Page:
Ahead of the Laphroaig Open Day Fèis Ìle 2020, John Campbell, the Distillery Manager of Laphroaig in Islay was able to spare some time to talk with Inside the Cask. Fèis Ìle is the Islay Festival of Music and Malt held during the last week of May every year on the Isle of Islay on the southwest coast of Scotland.
I first met John back in Maxxium days when working with the brand, which is owned by Beam Suntory, and I still have some really nice memories of taking my team to Islay and visiting Laphroaig (as well as other Islay distilleries of course!). Obviously, like many others around the world, I am also a “friend of Laphroaig” (plot below). John was kind enough to spare some time for a few questions.
Inside the Cask: Hi John, you are the Distillery Manager at Laphroaig and the 1st ‘Ileach’ (native of Islay) in its history. However how did it all start for you? Where did the interest in drinks initially come from?
Hi Andre, well its strange as my first career was as a lobster fisherman but I needed more security and didn’t want to leave the island, so chose whisky and then Laphroaig to try and work there. Luckily this happened and started off at the easiest job on the site and worked my way up.
Inside the Cask: Most people will have no idea of the work involved in producing whiskies, so what does the job of distillery manager entail on a day to day basis? What experience do you have in your career to date?
My three main responsibilities as the distillery manager are for the people and to make sure they have all that they need. The liquid quality and so, ensuring consistency of the alcohol produced. Finally, ensuring that the distillery meets all its legislation requirements. There are lots of other small responsibilities also but these three are key.
Inside the cask: What attributes would you suggest someone would need to have to become a whisky distiller?
I think it’s the same qualities with any career. So be passionate and care about what you do, keep learning and developing your knowledge of your chosen career and be targeted and by this I mean, make things happen. We find sometimes reasons to not do things in our lives and at my age now I believe that you can make anything happen if you want it too.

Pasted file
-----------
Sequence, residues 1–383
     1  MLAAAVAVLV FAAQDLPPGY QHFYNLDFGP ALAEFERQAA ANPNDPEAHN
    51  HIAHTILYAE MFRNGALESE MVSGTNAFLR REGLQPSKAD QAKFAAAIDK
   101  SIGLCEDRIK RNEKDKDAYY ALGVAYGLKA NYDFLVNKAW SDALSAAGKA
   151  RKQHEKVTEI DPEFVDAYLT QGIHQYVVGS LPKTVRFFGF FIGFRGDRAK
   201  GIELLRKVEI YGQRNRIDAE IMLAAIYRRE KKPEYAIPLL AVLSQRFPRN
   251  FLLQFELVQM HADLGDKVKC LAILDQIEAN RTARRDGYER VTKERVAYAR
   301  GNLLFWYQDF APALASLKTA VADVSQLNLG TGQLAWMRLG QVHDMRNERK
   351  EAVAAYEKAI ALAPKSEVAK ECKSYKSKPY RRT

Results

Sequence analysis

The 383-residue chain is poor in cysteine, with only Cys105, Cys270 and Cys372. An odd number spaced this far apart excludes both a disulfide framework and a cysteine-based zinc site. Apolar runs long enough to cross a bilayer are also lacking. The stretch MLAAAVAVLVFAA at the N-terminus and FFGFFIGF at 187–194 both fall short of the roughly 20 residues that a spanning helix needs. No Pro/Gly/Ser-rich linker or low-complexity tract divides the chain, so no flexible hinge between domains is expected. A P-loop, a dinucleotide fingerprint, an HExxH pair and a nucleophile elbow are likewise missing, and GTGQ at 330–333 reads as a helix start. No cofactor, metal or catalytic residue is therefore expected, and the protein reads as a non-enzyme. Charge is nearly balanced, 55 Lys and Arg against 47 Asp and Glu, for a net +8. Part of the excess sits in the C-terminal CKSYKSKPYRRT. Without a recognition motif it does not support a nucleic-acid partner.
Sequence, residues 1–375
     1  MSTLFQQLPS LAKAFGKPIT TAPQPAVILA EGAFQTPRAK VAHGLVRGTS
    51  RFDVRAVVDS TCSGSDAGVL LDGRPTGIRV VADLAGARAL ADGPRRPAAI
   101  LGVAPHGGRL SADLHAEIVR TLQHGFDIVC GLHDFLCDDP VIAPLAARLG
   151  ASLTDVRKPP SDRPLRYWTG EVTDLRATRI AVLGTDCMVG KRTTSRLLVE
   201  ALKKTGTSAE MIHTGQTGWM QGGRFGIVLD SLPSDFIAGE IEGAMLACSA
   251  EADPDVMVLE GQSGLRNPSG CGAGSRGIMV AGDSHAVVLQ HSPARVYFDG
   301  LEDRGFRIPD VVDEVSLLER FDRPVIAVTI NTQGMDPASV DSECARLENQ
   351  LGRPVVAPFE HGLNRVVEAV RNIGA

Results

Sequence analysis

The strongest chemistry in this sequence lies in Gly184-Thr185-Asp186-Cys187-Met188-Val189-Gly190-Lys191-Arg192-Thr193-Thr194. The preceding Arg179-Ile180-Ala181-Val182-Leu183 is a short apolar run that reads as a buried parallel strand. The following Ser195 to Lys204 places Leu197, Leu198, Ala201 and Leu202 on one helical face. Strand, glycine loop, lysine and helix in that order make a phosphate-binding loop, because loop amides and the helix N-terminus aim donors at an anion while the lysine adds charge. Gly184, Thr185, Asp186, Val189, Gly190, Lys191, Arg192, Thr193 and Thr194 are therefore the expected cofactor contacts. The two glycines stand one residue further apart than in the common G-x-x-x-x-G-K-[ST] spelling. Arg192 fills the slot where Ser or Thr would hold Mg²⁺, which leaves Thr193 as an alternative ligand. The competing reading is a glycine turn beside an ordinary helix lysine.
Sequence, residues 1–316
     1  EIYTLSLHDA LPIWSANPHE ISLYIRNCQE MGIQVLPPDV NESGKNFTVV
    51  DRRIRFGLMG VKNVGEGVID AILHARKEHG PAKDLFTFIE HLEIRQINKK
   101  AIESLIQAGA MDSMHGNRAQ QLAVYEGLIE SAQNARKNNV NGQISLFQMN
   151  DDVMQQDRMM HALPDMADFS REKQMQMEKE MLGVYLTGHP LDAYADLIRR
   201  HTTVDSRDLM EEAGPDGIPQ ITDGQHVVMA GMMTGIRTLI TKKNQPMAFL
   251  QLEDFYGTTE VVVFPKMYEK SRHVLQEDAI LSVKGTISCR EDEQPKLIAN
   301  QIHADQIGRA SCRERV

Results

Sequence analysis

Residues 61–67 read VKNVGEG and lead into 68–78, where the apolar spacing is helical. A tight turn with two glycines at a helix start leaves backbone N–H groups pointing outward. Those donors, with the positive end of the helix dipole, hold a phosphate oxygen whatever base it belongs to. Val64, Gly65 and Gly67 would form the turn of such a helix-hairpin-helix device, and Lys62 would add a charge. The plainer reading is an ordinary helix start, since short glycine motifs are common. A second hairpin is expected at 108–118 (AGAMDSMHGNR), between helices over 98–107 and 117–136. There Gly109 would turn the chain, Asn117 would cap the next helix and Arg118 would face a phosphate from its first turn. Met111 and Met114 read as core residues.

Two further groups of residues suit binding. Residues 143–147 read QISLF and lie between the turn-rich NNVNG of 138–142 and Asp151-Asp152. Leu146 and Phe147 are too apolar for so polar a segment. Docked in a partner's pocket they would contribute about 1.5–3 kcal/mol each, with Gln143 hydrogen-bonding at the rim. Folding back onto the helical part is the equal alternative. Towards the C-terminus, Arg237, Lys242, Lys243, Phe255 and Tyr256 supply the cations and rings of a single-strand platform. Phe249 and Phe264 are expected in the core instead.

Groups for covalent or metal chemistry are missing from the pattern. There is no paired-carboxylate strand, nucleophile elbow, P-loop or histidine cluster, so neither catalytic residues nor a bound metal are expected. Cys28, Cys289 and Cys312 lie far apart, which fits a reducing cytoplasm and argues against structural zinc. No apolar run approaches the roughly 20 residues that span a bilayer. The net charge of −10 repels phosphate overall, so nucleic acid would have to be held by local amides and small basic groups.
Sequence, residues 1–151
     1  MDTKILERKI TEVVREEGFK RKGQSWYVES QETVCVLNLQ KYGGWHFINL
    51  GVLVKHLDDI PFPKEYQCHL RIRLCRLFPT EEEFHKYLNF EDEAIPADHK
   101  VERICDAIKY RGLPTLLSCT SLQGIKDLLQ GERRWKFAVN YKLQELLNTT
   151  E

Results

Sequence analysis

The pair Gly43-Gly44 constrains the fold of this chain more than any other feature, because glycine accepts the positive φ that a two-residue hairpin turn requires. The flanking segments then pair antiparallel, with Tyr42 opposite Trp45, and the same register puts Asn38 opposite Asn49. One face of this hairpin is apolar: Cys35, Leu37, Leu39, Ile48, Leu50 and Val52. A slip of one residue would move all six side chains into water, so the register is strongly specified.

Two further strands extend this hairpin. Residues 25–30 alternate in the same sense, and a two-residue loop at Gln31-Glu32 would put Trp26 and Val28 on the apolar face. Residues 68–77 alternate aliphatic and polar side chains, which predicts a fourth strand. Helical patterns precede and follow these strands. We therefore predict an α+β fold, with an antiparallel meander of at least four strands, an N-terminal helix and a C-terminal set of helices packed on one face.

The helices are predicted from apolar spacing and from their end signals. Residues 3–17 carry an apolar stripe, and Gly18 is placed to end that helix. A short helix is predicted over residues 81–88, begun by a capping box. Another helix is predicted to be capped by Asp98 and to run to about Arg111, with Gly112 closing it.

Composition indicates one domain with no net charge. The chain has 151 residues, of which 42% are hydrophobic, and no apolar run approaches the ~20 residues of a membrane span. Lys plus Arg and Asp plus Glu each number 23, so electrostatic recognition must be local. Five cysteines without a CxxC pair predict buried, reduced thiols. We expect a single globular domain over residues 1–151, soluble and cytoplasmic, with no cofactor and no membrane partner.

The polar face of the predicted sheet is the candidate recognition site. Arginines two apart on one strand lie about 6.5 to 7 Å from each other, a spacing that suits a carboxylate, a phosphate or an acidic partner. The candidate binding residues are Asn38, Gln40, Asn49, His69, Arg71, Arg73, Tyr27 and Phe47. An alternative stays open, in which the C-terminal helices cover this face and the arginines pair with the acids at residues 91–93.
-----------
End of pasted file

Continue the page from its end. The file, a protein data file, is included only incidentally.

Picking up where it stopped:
Inside the Cask: You have been the Distillery Manager at Laphroaig since 2006. Can you tell us more about Laphroaig single malts and what makes it special? What is so different about it?
Laphroaig single malts are special due to the production process we use. We do a few unique things around the site like the way we smoke the barley is different to the rest of the Scotch Whisky industry and this produces different flavours to extract. The way we distill is different to the rest of the Scotch whisky industry and so produce a different spirit due to this and the smoke flavours we have extracted from the malted barley. So two huge factors in a similar process to everybody else.
Inside the Cask note on reference to smoking barley at Laphroaig (from The Whiskey Wash interview with John): “Laphroaig will cold smoke malted barley. Basically we’re just trying to get the smoke off the fire, no flames, and getting that nice blue smoke going through a malted barley to flavour it, for about 17 hours. Every other single distillery, whether it’s a full malted or a commercial malted, will flavour and dry at the same time. So you just get different flavours coming through that way. Different smoke flavours, so that’s one of the real keys to making Laphroaig different, I would say.
The peat on the island itself is different to the peat on mainland Scotland as well, just due to the geology. It’s kind of seaweed-based and decayed grasses and vegetation, whereas the peat in mainland Scotland, based in an old Caledonian forest, is wood-based.”
Inside the Cask: Scotch whisky remains a large and popular drinks category globally and demand for single malts in particular continues to increase. Laphroaig is reported to be producing close to capacity with 70% of its production used for single malts. How will the distillery manage to continue to increase the supply of Laphroaig to its many fans worldwide?
Yes, Laphroaig is now producing close to 90% for single malt and the only way to do this is increase the overall capacity or cut back on the 10% volume we trade to other companies or use within our company for blends.
Inside the Cask: Can you tell us more about your personal background? What else are you passionate about?
I have 4 children who take up a big part of my life and they are all amazing. My favourite sport is American Football but I will take part or watch any sport!!. Play golf a lot and I am pretty good at it and love to travel around the world learning from and experiencing other cultures.
Inside the Cask: What would be your advice for anyone else wanting to work in the drinks industry?
Go for it, it’s a very rewarding life.
Inside the Cask: What surprised you most about working in the drinks industry?
How this brand Laphroaig from a small island of the west of Scotland will be recognisable in most bars all the way around the world. Most people on Islay don’t even realise this 😊
Inside the Cask: What is the favourite part of your job? Anything that you would like to share that not many people would know about you?
My Favourite part of my job is to create a new brand or whisky for people to try. Its very nerve wracking but amazing and so creative. It is also amazing when people like what you do.
For Reference – link to VIDEO: Laphroaig Open Day – Fèis Ìle 2020
For Reference – link to VIDEO: Kristiane Sherry (Master of Malt) interviews John Campbell in 2019
For Reference – link to VIDEO: Laphroaig Distillery Tour